Some of the jeopardy may be removed by the fact that the four best third-placed teams will qualify for the quarter-finals, but Euro 2020's Group F remains full of intrigue as reigning champions Portugal, World Cup holders France and Germany all face off, while Hungary could have their say too.
AFP Sport casts its eye over the four teams trying to reach the knockout stage.
Portugal are reigning European champions and have reached at least the semi-finals in four of the last five Euros. They came second behind Ukraine in qualifying and, at 36, Cristiano Ronaldo is not getting any younger. However, Portugal also won the Nations League in 2019 and Ronaldo has arguably never been surrounded by so much talent: from Ruben Dias at the back to Bruno Fernandes, Bernardo Silva, Diogo Jota and Joao Felix. If they click, they could take some stopping.
Given the talent in Portugal's ranks, perhaps it is unimaginative to single out Ronaldo, but it will be fascinating to follow his progress. At 36 this is probably his penultimate major tournament. Portugal's captain and most-capped player has 103 international goals, with 11 coming in the qualifying campaign. He is now just six shy of the all-time international scoring record of 109 held by Iran's Ali Daei.
"All the other countries envy us," shouted the front of French sports daily L'Equipe this week underneath pictures of Kylian Mbappe, Karim Benzema and Antoine Griezmann. In France they are understandably confident about their prospects of following their 2018 World Cup triumph with Euro glory.
Coach Didier Deschamps has a squad full of world-class talent. Competition for places was already fierce up front even before the decision to recall Benzema. Most countries would be delighted to have just one of Mbappe, Benzema or Griezmann, and maybe over-confidence is the biggest danger for France.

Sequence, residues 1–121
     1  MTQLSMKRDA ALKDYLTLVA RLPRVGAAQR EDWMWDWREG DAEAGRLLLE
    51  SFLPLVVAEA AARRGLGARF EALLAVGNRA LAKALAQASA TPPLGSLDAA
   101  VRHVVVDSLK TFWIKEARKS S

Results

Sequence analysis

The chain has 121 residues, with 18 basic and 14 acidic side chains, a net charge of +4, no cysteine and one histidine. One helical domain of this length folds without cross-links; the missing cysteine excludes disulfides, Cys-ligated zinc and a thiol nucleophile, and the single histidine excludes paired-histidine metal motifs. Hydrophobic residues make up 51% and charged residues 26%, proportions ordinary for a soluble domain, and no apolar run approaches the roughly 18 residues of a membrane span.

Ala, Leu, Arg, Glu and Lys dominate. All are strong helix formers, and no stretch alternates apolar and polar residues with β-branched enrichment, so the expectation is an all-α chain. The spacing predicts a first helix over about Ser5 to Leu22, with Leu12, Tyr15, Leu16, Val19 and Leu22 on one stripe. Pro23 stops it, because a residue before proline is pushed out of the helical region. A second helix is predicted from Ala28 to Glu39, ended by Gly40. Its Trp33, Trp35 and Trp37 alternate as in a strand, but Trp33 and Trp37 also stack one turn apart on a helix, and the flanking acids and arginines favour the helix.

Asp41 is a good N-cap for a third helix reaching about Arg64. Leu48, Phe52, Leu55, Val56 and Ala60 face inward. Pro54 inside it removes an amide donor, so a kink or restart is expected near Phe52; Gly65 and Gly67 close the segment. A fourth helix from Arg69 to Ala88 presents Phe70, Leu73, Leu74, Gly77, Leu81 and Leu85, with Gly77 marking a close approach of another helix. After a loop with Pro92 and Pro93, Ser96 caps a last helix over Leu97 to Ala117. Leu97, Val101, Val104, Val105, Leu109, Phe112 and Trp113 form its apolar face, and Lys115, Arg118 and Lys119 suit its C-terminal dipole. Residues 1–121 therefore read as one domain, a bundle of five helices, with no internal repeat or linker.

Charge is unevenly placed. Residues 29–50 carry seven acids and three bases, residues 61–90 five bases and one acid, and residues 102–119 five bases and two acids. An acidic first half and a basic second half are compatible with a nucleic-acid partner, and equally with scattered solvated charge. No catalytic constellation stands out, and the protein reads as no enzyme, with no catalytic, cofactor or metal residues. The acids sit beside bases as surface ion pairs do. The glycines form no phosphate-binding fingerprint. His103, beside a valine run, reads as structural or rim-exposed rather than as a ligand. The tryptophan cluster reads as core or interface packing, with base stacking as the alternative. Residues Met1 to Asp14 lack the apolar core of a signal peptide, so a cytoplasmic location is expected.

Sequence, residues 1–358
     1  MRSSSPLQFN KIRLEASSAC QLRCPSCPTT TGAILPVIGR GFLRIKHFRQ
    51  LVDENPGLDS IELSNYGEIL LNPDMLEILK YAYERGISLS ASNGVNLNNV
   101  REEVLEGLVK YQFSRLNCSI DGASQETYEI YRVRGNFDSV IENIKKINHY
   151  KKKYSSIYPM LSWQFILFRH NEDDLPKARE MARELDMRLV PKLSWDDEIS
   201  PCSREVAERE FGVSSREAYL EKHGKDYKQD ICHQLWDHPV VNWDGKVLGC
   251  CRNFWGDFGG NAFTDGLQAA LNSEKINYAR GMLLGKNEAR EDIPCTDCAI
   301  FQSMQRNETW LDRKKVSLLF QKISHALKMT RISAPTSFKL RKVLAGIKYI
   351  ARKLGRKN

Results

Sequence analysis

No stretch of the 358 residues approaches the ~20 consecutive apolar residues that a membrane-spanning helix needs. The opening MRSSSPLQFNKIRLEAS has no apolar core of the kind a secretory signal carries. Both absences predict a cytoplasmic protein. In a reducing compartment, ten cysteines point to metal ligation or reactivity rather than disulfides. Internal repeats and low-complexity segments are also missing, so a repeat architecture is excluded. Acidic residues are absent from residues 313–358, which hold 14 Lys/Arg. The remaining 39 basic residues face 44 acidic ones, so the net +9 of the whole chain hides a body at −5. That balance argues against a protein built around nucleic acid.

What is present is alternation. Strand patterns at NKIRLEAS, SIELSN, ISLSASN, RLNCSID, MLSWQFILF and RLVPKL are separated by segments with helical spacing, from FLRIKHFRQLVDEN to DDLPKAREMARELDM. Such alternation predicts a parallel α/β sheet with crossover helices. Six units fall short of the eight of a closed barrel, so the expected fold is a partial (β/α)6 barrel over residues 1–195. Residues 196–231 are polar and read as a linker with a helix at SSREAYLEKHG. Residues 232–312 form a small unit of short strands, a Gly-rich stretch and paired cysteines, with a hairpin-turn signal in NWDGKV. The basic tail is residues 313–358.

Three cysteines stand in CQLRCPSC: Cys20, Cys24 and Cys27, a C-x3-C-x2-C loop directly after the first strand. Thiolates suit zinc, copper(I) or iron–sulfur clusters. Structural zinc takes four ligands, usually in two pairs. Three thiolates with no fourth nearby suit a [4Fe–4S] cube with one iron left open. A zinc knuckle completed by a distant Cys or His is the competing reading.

At 33, the Real Madrid striker was recalled after an international exile of five and a half years. He had not been called up since a blackmail scandal over a sextape involving his former teammate Mathieu Valbuena broke in 2015. But Deschamps could no longer ignore Benzema's form after a season in which he scored 30 goals for his club.
Germany are three-time European champions and have reached at least the semi-finals at each of the last three Euros. However, since their disastrous showing at the 2018 World Cup, when they went out in the group stage, Germany's fortunes have not improved much. They topped their qualifying group ahead of the Netherlands, but in recent matches they were trounced 6-0 in Spain in the Nations League and suffered a 2-1 home defeat by North Macedonia in World Cup qualifying.
After 15 years in charge, coach Joachim Loew will step down after the tournament. He has recalled Thomas Mueller and Mats Hummels, who had previously been discarded after the last World Cup. Playing group games at home in Munich gives them an advantage, on paper at least.
Germany will rely heavily on the quality of players like Joshua Kimmich and Toni Kroos but a successful Euro may also depend on Mueller. The 31-year-old has been too good for Bayern Munich to be ignored any longer by his country and is back after two and a half years in the international wilderness.
The Magyars reached a second straight European Championship via the Nations League play-offs -- they finished fourth in their qualifying group but won play-off ties against Bulgaria and Iceland to qualify.
Coached by the Italian Marco Rossi, Hungary will get to play their first two matches at home in Budapest but their best player, RB Leipzig midfielder Dominik Szoboszlai, is out injured. It would be an enormous surprise if they finished anywhere other than bottom of their group.
Given the calibre of Hungary's opponents, Gulacsi could be a busy man. The 31-year-old, once on Liverpool's books, has gone on to be a fixture in goal for RB Leipzig in the German Bundesliga. His recent experience of the latter stages of the Champions League could come in handy.
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